«Previous    Next»
Absorbent Crop Crystals Trap Water, Boosts Yields
Dryland farmers in western states have something to cheer about thanks to new water-absorbent "crop crystals" that trap water when it rains and release the moisture gradually as the soil dries out.
George Tucker of Colorado Springs, Colo., is U.S. distributor of the new Orton Crystals that are manufactured in England. The crystals are about the size of sesame seeds and will swell up to the size of an acorn after an hour or so of exposure to water. Once filled with water the crystals are dry and about the consistency of Jello.
The crystals are a petroleum by-product made from natural gas, ammonia, and propylene. They're side-dressed 1 to 2 in. deep onto growing crops. When it rains, the crystals absorb water and nutrients which are later released as the soil dries off. Under irrigation, Tucker says the crystals let you make more efficient use of water by keeping it from leaching away. When used in areas that receive plenty of rainfall, Tucker says the crystals help prevent erosion and prevent in-season stress between rainfalls, and they also provide protection against occasional drought.
"They've been tested for 6 years in England. Last year we worked with 26 farmers in Colorado, Nebraska, Kansas, Missouri, and Iowa. Most couldn't believe the results. Crops matured faster, yielded higher, and the fields didn't get compacted. Most of the farmers who've reordered for next year want to apply crystals to all their acreage. We've already got more than 10,000 acres lined up," says Tucker.
The crystals have been tested by the EPA, which neither endorsed nor restricted use of the crystals. The Occupational Health and Safety Organization has declared them to be non-hazardous.
"We've seen yield increases of 16 to 20 bu. per acre in corn and 6 to 8 bu. per acre increases in soybeans," says Tucker.
Aaron Zemler, who farms near Colorado Springs, planted 55 acres of corn with the crystals and another 55 acres without. Both fields were irrigated. The fields received the same amount of water and fertilizers. Although Zemler was skeptical when he started the test, by harvest time, all his doubts had disappeared. "We got 3,000 more pounds of corn silage where we used the crystals. When you get a rain on this sandy soil, the water goes out of sight in an hour or two. The crystals hold it near the plant roots where it belongs."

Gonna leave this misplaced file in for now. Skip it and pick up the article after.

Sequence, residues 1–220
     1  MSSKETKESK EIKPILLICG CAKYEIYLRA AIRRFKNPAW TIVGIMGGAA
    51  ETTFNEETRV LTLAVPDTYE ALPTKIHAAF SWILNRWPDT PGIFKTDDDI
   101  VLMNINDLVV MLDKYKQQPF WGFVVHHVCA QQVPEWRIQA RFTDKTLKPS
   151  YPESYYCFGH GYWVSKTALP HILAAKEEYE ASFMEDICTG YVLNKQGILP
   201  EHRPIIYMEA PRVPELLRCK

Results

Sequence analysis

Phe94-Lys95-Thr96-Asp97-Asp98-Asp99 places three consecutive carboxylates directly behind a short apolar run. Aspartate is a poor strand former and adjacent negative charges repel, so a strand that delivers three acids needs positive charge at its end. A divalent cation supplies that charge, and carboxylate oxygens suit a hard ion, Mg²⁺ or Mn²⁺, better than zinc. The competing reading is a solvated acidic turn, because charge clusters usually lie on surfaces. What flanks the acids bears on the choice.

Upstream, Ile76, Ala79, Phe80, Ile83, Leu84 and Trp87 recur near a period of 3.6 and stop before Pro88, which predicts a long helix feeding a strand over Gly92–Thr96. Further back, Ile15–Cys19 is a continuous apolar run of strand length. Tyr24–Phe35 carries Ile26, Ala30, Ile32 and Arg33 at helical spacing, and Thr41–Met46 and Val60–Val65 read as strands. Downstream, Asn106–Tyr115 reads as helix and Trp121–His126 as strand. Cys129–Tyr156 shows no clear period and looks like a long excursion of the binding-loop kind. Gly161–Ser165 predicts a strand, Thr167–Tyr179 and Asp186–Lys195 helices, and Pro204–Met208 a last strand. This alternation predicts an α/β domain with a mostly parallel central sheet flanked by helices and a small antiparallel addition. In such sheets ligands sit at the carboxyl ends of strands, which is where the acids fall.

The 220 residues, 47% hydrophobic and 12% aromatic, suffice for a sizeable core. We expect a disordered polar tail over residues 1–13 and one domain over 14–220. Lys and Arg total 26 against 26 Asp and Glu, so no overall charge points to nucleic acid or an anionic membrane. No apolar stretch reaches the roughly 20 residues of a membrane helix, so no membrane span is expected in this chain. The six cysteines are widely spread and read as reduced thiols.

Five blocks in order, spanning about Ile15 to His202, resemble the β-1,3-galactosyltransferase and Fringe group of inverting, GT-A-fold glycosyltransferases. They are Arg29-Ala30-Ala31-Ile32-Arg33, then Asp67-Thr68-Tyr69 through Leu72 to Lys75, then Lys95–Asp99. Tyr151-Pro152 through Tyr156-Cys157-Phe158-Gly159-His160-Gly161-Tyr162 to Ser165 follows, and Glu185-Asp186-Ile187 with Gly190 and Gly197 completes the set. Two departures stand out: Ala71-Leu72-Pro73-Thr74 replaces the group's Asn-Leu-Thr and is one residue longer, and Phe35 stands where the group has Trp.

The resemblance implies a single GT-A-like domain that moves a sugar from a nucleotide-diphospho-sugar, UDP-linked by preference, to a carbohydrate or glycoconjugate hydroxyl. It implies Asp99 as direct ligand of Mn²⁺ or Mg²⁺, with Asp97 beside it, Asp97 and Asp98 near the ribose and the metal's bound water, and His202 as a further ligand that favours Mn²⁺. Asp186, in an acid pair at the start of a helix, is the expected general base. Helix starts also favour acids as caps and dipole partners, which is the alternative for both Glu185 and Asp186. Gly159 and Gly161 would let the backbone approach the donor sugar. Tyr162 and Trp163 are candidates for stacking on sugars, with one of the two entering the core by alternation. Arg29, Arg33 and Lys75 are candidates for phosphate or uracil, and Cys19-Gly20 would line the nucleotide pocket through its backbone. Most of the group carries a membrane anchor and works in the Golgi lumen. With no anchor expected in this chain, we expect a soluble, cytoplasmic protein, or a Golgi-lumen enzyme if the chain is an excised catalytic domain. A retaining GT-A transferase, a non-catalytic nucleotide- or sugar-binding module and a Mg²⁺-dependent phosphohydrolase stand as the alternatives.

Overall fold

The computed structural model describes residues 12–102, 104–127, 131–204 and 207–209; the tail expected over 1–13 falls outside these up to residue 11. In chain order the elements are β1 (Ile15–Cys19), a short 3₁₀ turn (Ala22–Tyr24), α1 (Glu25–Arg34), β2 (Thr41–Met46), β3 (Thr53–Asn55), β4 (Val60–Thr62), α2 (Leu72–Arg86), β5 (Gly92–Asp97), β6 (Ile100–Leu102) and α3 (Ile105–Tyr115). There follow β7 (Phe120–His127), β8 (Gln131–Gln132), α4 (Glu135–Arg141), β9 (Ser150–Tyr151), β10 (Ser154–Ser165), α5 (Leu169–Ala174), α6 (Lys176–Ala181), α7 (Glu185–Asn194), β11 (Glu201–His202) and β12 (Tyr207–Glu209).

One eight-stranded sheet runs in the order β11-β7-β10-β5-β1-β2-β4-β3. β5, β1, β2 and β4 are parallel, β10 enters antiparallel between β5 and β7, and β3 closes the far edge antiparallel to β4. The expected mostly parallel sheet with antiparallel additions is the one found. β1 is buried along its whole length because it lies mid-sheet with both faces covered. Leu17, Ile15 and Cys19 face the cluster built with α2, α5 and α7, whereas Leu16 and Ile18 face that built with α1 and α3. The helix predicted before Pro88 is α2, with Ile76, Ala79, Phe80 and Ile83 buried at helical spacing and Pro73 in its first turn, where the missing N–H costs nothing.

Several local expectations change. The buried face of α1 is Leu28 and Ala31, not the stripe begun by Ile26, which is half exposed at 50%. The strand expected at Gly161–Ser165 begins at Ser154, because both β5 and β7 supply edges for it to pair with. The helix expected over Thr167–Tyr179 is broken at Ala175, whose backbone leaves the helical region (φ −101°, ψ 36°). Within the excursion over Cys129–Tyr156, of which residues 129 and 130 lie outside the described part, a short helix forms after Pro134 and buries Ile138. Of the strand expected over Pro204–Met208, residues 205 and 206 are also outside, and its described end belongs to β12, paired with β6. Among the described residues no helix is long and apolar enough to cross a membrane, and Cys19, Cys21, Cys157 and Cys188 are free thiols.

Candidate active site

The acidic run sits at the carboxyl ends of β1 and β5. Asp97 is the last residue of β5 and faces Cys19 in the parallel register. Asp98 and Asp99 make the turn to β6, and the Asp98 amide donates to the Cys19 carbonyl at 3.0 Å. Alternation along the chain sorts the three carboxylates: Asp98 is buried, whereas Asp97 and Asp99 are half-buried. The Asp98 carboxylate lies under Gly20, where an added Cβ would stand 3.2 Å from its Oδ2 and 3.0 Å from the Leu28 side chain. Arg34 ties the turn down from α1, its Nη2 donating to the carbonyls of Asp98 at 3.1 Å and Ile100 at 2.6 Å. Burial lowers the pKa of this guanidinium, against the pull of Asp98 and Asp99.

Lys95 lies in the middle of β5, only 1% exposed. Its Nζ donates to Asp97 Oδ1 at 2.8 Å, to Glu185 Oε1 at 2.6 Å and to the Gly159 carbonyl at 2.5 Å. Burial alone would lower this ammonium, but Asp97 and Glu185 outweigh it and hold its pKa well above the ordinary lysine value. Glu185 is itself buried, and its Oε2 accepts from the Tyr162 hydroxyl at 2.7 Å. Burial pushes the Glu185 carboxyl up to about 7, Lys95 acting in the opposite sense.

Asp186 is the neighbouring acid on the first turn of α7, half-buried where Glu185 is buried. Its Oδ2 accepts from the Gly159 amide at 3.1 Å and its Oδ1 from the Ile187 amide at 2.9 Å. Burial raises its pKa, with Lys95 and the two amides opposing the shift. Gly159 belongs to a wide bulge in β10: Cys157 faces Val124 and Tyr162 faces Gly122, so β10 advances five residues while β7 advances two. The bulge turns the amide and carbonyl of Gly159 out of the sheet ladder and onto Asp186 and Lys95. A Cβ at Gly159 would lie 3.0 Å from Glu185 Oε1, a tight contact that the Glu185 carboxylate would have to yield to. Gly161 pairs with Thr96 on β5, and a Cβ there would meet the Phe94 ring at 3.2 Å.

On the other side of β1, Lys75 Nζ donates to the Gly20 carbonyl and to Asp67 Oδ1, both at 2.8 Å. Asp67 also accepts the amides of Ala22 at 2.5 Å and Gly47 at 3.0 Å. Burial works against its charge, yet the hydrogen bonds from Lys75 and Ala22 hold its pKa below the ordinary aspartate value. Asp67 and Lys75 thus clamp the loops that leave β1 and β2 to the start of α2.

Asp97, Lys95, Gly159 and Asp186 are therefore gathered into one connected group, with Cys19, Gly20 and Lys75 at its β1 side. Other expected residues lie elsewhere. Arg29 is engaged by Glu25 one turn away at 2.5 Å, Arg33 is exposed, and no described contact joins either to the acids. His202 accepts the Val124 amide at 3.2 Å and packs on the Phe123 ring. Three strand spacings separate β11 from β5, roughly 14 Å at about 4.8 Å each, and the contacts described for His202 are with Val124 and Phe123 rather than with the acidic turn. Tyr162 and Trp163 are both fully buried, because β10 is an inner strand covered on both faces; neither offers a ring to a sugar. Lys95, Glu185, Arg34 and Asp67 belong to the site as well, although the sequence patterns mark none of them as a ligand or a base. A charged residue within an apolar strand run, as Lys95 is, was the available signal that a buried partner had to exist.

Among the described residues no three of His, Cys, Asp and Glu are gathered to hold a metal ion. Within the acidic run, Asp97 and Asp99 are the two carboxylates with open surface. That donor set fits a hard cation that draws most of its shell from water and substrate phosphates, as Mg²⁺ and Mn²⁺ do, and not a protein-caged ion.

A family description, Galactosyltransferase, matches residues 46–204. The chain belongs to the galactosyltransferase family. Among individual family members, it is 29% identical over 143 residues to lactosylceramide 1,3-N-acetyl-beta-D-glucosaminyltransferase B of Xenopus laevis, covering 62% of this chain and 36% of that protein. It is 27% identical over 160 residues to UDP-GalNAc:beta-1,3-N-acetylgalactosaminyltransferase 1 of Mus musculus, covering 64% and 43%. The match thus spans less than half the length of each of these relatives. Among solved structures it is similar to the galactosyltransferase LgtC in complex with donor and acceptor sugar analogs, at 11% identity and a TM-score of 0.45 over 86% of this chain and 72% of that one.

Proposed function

Zemler notes that the crystals also improve soil condition. "The ground didn't compact. It was aerated by the crystals because they swell up and then dry down, leaving little pockets of air in the soil."
No one knows how long the crystals will last since they've only been tested for the past 6 years, but in laboratories researchers have rehydrated the crystals thousands of times, raising the possibility that the crystals could last many years. When they "wear out", they'll break down into carbon dioxide and nitrogen, both of which are good for the soil.
Tucker, who is rapidly setting up farmer-dealers all over the country, says Colorado State University is testing the crystals in corn, wheat, soybeans, and sunflowers. Researcher Tony Koski says that in addition to agricultural uses, there could be a tremendous market for the crystals for use on lawns and gardens. "They consume anywhere from 40 to 60 percent of water in metro areas. If we could cut that by 10 or 20 percent, an incredible amount of water could be saved."
Tucker recommends farmers apply the crystals at a rate of about 5 lbs. per acre over a period of three years, for a total of 15 lbs. Most farmers who used the crystals last year side-dressed them to the side of growing crops, along with fertilizer. A 15-lb. bag of crystals sells for about $70.
For more information, contact: FARM SHOW Followup, George Tucker, Gyro Products Incorporated, 2940 N. Prospect, P.O. Box 7146, Colorado Springs, Colo. 80903 (ph 719 598-2586).

  Click here to download page story appeared in.

  Click here to read entire issue

To read the rest of this story, download this issue below or click here to register with your account number.
Order the Issue Containing This Story
1990 - Volume #14, Issue #1